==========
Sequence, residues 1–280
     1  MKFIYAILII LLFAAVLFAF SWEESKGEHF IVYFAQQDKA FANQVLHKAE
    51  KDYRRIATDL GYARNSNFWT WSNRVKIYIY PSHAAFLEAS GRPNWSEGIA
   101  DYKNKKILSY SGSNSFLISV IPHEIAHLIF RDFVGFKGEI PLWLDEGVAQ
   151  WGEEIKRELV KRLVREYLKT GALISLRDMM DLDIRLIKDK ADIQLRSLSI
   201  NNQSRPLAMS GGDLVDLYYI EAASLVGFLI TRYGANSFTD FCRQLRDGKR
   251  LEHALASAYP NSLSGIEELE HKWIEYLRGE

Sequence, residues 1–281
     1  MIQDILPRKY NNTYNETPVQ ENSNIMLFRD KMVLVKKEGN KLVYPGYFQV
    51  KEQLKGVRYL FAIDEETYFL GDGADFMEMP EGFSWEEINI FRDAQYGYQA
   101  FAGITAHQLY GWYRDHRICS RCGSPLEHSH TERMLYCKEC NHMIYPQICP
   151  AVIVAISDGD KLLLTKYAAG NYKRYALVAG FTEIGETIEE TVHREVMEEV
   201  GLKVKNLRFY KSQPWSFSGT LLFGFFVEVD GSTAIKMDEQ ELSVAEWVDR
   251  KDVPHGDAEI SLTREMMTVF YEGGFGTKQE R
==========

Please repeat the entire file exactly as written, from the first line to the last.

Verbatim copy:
Sequence, residues 1–280
     1  MKFIYAILII LLFAAVLFAF SWEESKGEHF IVYFAQQDKA FANQVLHKAE
    51  KDYRRIATDL GYARNSNFWT WSNRVKIYIY PSHAAFLEAS GRPNWSEGIA
   101  DYKNKKILSY SGSNSFLISV IPHEIAHLIF RDFVGFKGEI PLWLDEGVAQ
   151  WGEEIKRELV KRLVREYLKT GALISLRDMM DLDIRLIKDK ADIQLRSLSI
   201  NNQSRPLAMS GGDLVDLYYI EAASLVGFLI TRYGANSFTD FCRQLRDGKR
   251  LEHALASAYP NSLSGIEELE HKWIEYLRGE

Sequence, residues 1–281
     1  MIQDILPRKY NNTYNETPVQ ENSNIMLFRD KMVLVKKEGN KLVYPGYFQV
    51  KEQLKGVRYL FAIDEETYFL GDGADFMEMP EGFSWEEINI FRDAQYGYQA
   101  FAGITAHQLY GWYRDHRICS RCGSPLEHSH TERMLYCKEC NHMIYPQICP
   151  AVIVAISDGD KLLLTKYAAG NYKRYALVAG FTEIGETIEE TVHREVMEEV
   201  GLKVKNLRFY KSQPWSFSGT LLFGFFVEVD GSTAIKMDEQ ELSVAEWVDR
   251  KDVPHGDAEI SLTREMMTVF YEGGFGTKQE R